. This is one of four articles from the April 29th leaflet of Seattle Anti-Imperialist Alliance, It is here as reprinted in Communist Voice, vol. 8, #2, issue #29, June 20, 2002,
. In the aftermath of Sept. 11th U. S. intervention in Colombia is being stepped up. This
intervention is in support of the Colombian government as it wages war against several insurgent
forces, as well as against workers and poor peasants struggling independent of these forces. The
civil war has been going on for years, and to try to justify stepping up intervention on the
reactionary side of it on the basis of the 9/11 terrorist attacks in N. Y. and Washington is absurd.
(But this hasn't stopped Bush from labeling the insurgent forces as "dangerous terrorists" as he
got the O. K. from the Democrats to send more money and arms. ) As a matter of fact, the
increasing U. S. intervention in Colombia starkly reveals that the U. S. ruling class has used the
9/11 terrorist atrocities as a pretext for militarily resolving several political contradictions in the
world which undermine its ability to increase the export of U. S. capital, maximize profits of the
U. S. multinational corporations, monopolize sources of raw materials, and fatten the
stockholders in the war industry.
. Colombia is a rich prize for the monopoly capitalists. It has 40 million people who are quite literate by world standards--a large pool of candidates for exploitation as sweat-shop laborers. Its gross domestic product is $88 billion, with almost 14% of this coming from manufacturing: textiles and garments, chemicals, metal products, cement, cardboard containers. This, along with the service sector, is already a lucrative field for the export of capital, and the imperialist bankers want to export more. It's rich in raw materials: petroleum (the U. S. imports 10% of its oil from there), coal, ferronickel, gems, gold, logs. It's also rich agriculturally: coca, coffee, bananas, cut-flowers, cotton, sugarcane, livestock, rice, corn, tobacco, potatoes, soybeans, sorghum. And its yearly imports are about $11 billion: machinery and equipment, grain, chemicals, transportation equipment. The U. S. , Venezuela, Germany, Japan and Holland are its main trading partners.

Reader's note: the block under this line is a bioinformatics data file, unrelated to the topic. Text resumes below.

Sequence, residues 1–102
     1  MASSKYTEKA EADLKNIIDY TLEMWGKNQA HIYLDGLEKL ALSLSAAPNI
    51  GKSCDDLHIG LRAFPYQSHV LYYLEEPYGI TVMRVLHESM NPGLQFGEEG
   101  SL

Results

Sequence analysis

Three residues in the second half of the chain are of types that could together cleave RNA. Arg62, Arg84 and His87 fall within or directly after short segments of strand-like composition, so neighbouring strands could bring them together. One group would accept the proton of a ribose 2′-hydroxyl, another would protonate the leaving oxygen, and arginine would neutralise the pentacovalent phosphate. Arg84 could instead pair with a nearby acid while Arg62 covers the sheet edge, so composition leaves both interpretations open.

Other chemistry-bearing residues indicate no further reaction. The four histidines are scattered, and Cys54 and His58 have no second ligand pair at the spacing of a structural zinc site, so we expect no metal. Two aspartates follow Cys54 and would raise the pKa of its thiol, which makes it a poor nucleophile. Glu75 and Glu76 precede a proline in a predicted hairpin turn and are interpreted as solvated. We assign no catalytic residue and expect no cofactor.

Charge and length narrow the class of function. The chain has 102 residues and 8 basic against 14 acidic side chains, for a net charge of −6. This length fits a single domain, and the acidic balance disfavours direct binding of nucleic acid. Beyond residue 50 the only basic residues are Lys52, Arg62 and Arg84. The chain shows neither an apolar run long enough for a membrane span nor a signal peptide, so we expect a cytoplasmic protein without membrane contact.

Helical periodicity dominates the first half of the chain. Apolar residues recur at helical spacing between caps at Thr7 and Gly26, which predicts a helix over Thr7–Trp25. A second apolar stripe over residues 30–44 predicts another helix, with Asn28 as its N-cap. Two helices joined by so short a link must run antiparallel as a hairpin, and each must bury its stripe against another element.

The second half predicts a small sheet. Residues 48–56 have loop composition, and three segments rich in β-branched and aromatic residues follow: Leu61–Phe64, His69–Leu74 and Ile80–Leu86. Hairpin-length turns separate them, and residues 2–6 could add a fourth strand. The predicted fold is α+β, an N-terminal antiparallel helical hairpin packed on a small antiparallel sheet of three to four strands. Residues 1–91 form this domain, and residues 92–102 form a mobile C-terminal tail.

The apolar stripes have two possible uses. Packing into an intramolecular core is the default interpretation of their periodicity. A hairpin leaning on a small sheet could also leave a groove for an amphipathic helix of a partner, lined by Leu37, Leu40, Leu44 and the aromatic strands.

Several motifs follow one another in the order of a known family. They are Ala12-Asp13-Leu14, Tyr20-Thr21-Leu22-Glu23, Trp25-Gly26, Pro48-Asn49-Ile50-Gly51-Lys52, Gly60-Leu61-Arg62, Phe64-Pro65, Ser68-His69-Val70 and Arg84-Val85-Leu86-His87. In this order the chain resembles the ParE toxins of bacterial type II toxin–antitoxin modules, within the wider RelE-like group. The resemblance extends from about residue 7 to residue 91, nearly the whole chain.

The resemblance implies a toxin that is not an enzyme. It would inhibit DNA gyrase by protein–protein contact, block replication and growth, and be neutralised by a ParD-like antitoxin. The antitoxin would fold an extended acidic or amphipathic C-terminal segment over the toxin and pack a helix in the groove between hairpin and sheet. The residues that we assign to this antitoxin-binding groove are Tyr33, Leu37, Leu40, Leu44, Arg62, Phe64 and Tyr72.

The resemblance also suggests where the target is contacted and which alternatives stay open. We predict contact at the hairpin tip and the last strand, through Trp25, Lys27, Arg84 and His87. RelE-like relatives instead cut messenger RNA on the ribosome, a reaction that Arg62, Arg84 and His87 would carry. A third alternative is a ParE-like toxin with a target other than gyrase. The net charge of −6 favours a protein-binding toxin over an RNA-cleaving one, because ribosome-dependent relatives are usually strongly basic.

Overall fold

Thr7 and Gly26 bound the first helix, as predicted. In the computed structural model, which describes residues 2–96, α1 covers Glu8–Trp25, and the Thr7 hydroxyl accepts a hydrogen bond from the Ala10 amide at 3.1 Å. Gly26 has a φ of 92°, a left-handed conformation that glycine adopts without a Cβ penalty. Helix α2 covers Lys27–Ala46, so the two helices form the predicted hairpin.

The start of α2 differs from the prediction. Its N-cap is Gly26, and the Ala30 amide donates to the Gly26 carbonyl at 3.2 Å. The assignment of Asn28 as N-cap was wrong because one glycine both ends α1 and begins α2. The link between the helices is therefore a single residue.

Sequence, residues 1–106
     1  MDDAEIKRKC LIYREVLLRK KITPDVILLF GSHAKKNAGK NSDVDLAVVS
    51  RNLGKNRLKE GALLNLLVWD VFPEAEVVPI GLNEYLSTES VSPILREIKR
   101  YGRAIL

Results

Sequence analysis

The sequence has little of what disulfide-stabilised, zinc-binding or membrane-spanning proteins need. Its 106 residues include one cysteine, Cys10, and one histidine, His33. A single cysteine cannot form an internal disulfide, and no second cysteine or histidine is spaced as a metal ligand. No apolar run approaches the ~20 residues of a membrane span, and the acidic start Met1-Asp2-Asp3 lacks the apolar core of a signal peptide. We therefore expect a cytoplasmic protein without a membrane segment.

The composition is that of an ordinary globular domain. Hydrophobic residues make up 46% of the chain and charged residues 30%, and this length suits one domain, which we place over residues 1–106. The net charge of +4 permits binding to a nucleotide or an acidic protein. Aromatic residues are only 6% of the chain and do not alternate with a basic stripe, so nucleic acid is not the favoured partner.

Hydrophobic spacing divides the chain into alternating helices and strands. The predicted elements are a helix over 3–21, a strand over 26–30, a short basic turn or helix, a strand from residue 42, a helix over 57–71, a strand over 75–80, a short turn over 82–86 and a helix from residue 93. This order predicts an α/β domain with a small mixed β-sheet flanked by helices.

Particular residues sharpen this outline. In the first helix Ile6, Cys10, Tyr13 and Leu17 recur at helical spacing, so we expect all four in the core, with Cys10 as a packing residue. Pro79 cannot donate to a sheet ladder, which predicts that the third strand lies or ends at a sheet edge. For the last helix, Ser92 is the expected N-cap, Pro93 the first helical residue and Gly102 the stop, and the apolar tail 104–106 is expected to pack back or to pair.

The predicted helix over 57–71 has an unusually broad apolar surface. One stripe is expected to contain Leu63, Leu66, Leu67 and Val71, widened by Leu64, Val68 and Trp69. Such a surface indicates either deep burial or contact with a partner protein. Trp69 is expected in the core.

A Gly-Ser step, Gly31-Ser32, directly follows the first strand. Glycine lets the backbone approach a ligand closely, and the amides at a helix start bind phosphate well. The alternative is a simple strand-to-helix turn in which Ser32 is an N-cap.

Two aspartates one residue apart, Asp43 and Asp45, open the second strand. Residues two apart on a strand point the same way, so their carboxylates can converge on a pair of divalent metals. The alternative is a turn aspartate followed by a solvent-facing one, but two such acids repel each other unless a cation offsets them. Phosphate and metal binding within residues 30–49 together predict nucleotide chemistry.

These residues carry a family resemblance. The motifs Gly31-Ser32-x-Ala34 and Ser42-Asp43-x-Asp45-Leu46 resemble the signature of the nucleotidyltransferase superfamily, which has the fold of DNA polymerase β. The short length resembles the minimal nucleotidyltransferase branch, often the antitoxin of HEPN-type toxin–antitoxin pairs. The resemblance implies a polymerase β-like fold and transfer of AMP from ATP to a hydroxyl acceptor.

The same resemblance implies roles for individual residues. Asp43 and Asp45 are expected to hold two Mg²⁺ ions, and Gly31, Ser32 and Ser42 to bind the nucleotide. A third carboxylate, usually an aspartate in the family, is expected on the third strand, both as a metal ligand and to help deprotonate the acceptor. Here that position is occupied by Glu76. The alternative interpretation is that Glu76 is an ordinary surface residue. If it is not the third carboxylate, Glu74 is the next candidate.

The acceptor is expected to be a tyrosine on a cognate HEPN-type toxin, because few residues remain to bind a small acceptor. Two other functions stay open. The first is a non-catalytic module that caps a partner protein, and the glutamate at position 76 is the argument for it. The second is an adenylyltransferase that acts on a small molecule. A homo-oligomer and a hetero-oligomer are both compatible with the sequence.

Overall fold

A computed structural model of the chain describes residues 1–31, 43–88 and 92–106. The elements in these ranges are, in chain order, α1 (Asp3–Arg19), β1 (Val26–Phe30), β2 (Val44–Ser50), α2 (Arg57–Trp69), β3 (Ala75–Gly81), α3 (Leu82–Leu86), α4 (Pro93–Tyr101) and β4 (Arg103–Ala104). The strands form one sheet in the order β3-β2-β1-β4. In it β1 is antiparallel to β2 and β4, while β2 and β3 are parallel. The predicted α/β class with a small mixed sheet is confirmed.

. The country is ruled by a capitalist oligarchy which works in alliance with U. S. imperialism to violently crush anything getting in the way of maximizing profits--from efforts of the working class to organize resistance to their exploitation, to indigenous peoples defending their ability to live from the land, to environmental activism, to the domination of areas of the country by guerilla armies. Human rights workers reporting on the atrocities being carried out are also subject to being murdered. In fact Colombia is the most dangerous place in the world for working-class organizing. Just last year 170 trade union organizers were murdered--sometimes in front of plant gates on the way to work, at other times after being taken from company vehicles at gun-point, and often their bodies have been mutilated and put on display as a "warning". 79 others were "disappeared". And since these figures come from mainstream sources, they no doubt leave out many murdered rank-and-file activists with no connection to one of the big trade union centers. This has been going on for many years. As has the killing of 3000 people per year in the civil war. According to almost all human rights groups 80% of the class political murders in the country are carried out by right-wing paramilitaries connected to the capitalist establishment being supported by the U. S. government.
. This gruesome reality didn't prevent "friend of labor" Bill Clinton from waiving requirements
that the Colombian government adhere to basic human rights standards when he pushed through
his "Plan Colombia" in early 2000, however. This is because the Democrats, like the
Republicans, follow the same imperialist agenda. The $1. 3 billion in U. S. military aid
authorized by Clinton made Colombia the third largest recipient of U. S. military aid in the